Tsvangirai and Mugabe met in Harare on Tuesday, after the latter’s return from New York and tried to unravel the stalemate, which their negotiators had failed to resolve.
Mugabe, upon his arrival in Harare on Monday, had declared there was no stalemate and that a new cabinet would be appointed by the end of the week.
Movement for Democratic Change spokesperson Nelson Chamisa confirmed that Mugabe and Tsvangirai had met but had failed to resolve the stalemate over the allocation of cabinet portfolios.
Chamisa told The Zimbabwe Mail that the MDC would now appeal to mediator Thabo Mbeki and the guarantors of Mbeki’s mediation, the Southern African Development Community and the African Union, to intervene and try to break the impasse.
Chamisa said Mugabe was demanding "to be at the centre and marrow of the new government".
"We are still poles apart in terms of the allocation of ministries to achieve legitimate power-sharing," Chamisa said.
Chamisa said Mugabe had demanded control of all key ministries including Finance, Home Affairs, Defence, Foreign Affairs, Justice, Information, Mines, Agriculture and Youth Affairs.
"This approach of claiming the marrow of the government while peripherising the MDC is completely unacceptable," he said.
"The mistake that Zanu-PF is making is to imagine that we are desperate to be in the government. We are not in a hurry to be chauffeur-driven. We are a people-driven party."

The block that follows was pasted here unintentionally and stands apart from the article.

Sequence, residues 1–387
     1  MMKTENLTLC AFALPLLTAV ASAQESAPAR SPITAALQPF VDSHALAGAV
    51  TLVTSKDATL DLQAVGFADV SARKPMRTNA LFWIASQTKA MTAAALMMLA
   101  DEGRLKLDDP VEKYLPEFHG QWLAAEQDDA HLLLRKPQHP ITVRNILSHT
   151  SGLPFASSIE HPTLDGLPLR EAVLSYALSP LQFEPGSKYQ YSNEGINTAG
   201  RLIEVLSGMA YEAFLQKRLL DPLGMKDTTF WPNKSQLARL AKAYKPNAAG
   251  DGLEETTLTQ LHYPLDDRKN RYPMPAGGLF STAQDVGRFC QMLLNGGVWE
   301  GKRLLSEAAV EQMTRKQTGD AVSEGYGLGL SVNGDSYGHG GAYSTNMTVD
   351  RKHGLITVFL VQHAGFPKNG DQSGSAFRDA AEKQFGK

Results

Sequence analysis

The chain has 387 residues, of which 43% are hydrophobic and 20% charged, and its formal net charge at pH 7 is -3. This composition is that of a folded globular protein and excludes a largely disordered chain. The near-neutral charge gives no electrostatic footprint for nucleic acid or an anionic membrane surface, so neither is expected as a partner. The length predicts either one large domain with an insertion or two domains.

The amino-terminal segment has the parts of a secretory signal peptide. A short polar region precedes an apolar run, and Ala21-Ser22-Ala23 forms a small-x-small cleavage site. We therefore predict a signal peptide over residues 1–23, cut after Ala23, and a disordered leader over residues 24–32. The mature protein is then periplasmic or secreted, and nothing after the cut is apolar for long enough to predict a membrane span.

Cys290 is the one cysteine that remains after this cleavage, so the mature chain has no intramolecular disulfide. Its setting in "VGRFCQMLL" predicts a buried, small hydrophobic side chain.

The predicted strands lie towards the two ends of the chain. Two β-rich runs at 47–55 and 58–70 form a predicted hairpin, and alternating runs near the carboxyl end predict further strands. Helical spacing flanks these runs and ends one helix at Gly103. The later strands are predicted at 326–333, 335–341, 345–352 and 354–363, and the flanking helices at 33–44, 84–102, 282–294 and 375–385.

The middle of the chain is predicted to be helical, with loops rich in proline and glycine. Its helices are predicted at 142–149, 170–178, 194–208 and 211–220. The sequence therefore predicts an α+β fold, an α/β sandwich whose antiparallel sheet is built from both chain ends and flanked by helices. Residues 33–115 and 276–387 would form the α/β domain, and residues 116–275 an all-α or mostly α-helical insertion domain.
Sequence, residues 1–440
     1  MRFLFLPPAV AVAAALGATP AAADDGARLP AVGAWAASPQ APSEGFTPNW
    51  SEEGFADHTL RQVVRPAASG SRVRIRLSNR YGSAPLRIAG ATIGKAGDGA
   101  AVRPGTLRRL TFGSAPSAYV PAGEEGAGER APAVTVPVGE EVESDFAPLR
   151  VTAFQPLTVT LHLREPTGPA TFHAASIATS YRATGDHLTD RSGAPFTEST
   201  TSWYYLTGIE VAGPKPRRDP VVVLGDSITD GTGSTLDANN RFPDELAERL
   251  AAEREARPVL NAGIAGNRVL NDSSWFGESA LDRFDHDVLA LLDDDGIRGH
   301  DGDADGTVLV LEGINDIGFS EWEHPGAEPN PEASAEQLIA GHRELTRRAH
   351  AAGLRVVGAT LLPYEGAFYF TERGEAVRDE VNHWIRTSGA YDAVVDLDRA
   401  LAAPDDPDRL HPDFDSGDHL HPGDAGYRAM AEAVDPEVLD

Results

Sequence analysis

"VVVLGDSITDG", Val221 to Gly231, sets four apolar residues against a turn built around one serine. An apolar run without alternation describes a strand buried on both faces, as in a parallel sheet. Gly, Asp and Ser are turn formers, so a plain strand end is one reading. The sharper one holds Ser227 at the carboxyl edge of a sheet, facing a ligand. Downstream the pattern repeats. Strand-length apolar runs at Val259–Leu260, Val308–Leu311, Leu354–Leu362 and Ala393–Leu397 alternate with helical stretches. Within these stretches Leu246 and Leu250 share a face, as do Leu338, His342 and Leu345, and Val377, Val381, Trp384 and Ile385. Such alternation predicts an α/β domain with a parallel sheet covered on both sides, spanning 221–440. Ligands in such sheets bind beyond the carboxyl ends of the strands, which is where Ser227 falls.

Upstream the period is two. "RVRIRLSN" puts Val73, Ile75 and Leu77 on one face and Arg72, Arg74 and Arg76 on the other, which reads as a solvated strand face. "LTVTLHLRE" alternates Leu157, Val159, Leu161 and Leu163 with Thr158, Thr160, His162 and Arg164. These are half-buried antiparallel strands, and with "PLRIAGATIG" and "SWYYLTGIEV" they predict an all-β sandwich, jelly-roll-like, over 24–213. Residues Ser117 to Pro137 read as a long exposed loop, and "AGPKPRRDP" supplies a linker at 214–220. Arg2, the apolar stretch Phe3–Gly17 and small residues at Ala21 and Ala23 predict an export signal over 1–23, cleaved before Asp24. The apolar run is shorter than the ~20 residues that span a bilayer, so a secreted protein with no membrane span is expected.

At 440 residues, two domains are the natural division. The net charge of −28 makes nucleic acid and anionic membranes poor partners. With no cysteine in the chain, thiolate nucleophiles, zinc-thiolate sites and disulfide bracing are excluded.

Chamisa said the arrangement proposed by Mugabe would make the MDC "a mere cosmetic accessory and mere lipstick" to a government effectively controlled by Mugabe. "We have said no to his proposals," Chamisa said.
He said many of the social ministries being allocated to the MDC like Correctional Services, Infrastructure Development and others would leave the MDC unable to define a new course for Zimbabwe despite its winning the first round of elections on March 29, which were hailed by the international community as having been largely credible.
Chamisa said the matter was now in the hands of the mediator, SADC and the AU.
He emphasised that in view of the enormous suffering of the people of Zimbabwe, their intervention was acutely urgent.
Tsvangirai earlier this week called for the urgent constitution of an all-inclusive government to try to begin resolving Zimbabwe’s sustained economic collapse.